In business: how brands like Nike, BlackBerry and Pop-Tarts became film’s hottest stars
Steam trains, tuberculosis, sexual repression, the shadow of a coming war and Colin Firth: the stuff of a period piece was once unchanging. But history is not what it was. Now conjuring the past on screen means 8-bit graphics and Money for Nothing. And Adam Driver and Greta Gerwig will do a synchronised bop before the vintage logos of Pringles and Pepsi.
That last detail comes from the credits of White Noise, Noah Baumbach’s recent adaptation of the 1985 Don DeLillo novel. The book was, among other things, a droll study of the godly place of brands in the US during the 80s. But two giggly new movies now spotlight the same moment with hindsight. In Air, Ben Affleck directs himself and Matt Damon in the 1984 origin story of the Nike Air Jordan. With Tetris, the scene is four years later: Taron Egerton, star of the rum tale behind the video game, plays the video game designer Henk Rogers, drawing together a collapsing Soviet Union, feral press magnate Robert Maxwell and the marketing department of Nintendo.
But like a glorious supermarket, there is still more choice. Summer will see the release of Flamin’ Hot, Eva Longoria’s debut as a director: a biopic of Richard Montañez, the janitor at snack giant Frito-Lay, who, in 1990, is said to have invented the title’s totemic flavour of Cheetos. Pending, too, is BlackBerry, moving later into the 90s to portray the Icarus of Canadian smartphones.
For all four films, the period is an easy win. From Gen X execs to teenage fans of Stranger Things, the stretch of time from the mid 80s to 90s – Rubik’s Cube to early internet – has become the site of a consensus nostalgia: a past we can all agree on. And beyond the big hair and Bon Jovi, the touchstones of the age are the brands, the stuff people bought.
Of course, the 80s has no monopoly on people doing that – or the nostalgia it creates. Jerry Seinfeld is soon to direct his first film, Unfrosted: The Pop-Tart Story, set in 1963. At that point, DeLillo was still working as a copywriter at Ogilvy & Mather, the New York ad agency that inspired Mad Men. But it was the 80s when consumer brands truly claimed our souls. It was the moment DeLillo captured in White Noise; now cartoonishly revived by Air and Tetris.
But that makes us sound gullible, doesn’t it? So these movies have to do something smart: tap our innocent joy around old computer games and junk food, while also letting us feel we are more knowing now. We duly step behind the curtain into the backstories of the brands, to find the uplift and the truth, which is where it gets complicated.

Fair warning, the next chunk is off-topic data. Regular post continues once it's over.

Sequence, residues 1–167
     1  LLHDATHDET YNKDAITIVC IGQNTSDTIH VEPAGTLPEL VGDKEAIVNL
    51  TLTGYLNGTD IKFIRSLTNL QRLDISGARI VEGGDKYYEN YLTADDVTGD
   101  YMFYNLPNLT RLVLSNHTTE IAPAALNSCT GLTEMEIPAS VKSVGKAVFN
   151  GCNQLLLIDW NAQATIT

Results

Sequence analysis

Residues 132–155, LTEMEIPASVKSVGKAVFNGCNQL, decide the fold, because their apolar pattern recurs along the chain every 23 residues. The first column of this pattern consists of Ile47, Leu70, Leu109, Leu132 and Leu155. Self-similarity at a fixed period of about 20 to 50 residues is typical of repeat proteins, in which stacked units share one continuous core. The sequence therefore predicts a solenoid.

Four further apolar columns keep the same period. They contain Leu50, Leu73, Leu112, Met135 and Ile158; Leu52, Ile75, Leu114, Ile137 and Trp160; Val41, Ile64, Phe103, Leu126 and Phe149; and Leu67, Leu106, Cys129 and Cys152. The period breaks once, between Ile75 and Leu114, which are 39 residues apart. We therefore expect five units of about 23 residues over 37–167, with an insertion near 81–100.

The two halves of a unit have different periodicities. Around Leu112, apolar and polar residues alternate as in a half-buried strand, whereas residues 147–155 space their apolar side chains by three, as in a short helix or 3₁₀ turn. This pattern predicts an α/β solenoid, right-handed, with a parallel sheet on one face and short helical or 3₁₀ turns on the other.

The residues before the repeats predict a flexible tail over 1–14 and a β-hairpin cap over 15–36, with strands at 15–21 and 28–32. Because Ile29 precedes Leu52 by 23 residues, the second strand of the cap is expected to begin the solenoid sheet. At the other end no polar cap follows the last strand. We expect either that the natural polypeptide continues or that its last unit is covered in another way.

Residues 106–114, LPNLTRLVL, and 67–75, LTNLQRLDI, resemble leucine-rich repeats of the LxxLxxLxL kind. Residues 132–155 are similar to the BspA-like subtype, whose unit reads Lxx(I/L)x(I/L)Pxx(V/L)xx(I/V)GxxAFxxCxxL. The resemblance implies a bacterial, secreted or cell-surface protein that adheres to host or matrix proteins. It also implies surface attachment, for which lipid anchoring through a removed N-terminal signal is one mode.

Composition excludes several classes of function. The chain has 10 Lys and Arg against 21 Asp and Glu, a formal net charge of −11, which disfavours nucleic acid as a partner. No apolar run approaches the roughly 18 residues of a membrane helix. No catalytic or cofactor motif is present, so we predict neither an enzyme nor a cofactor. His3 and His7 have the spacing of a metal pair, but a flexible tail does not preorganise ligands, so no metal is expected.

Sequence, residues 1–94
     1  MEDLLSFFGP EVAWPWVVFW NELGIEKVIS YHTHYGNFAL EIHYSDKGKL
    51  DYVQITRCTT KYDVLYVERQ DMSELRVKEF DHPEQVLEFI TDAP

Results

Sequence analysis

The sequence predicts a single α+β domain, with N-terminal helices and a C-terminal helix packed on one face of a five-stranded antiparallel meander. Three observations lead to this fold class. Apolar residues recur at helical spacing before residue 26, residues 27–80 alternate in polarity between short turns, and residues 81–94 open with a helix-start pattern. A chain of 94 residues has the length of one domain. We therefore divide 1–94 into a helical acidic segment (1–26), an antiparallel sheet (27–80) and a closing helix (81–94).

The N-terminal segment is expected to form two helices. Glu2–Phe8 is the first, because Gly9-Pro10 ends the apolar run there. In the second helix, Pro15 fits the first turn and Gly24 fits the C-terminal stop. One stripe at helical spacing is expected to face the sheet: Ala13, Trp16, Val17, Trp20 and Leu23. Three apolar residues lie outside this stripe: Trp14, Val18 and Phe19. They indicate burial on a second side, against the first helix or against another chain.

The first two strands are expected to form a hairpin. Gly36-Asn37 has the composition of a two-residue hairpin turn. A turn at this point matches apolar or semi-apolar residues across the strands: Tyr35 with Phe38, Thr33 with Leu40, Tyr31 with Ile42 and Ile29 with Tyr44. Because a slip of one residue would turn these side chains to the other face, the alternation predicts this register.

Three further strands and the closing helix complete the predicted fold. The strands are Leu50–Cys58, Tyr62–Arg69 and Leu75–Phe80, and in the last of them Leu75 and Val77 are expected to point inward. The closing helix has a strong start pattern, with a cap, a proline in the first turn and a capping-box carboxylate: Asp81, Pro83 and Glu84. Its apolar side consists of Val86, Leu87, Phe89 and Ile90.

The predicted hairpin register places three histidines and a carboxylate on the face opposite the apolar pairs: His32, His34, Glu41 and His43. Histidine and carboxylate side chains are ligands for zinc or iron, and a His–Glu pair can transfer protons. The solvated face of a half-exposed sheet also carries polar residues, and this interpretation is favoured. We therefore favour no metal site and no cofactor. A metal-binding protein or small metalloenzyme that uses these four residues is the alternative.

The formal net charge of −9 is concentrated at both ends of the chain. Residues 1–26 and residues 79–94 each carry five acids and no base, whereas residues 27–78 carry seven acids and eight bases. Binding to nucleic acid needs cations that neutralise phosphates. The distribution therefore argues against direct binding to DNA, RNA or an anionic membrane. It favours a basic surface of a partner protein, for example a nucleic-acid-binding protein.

Behind most brands will be a corporation, and to make feelgood from those would be a trial for even the most gifted film-maker. Few of us have misty eyes for the corporations in our lives. Pull on the loose ends of one of those histories and you end up with something like The Social Network, director David Fincher’s chilly portrait of Mark Zuckerberg en route to signing up 2.9 billion, in his own words, “dumb fucks” to Facebook. Or The Founder, with Michael Keaton as the razor-toothed Ray Kroc, swallowing whole the owners of a family-owned burger restaurant to give the world McDonald’s.
But Tetris and Air are made from different stuff: jaunty celebrations of lovable mavericks. It can make for delicate decisions around how much reality an audience can bear. Flamin’ Hot may already have misjudged that. The Los Angeles Times has reported serious factual flaws in the story of Montañez – in short, that he may not have invented Flamin’ Hot Cheetos.
For Affleck and the makers of Tetris, though, no one is talking wholesale invention (bar the odd Moscow car chase). Instead, at least at first, you are simply asked to unplug your sense of irony, before relaxing with two industrial underdog stories, financed by Amazon (Air) and Apple (Tetris).
Such is the first rule of cheerful movies about corporations. You don’t talk about the corporations. Instead, in Tetris, Nintendo is really a support act to Egerton’s Rogers, the lone wolf Dutch-American developer who championed the game. And while Nike is more prominent in Air, our hero is the kind of square peg who barely gets a security pass: Sonny Vaccaro, played by Damon, a paunchy basketball guru pushing Nike chief Phil Knight (Affleck) to go all in on the young Michael Jordan.
Here at least, Rogers and Vaccaro are the Spider-Man meme come to life: identical one-offs, twin outsiders, gatecrashing meetings and the system, staking it all on their gut. “Sometimes you gotta say fuck the rules,” Henk declares, and Sonny would agree. (It can be hard to watch either film without sensing powerful gusts of over-identification from Affleck and Tetris producer Matthew Vaughn.)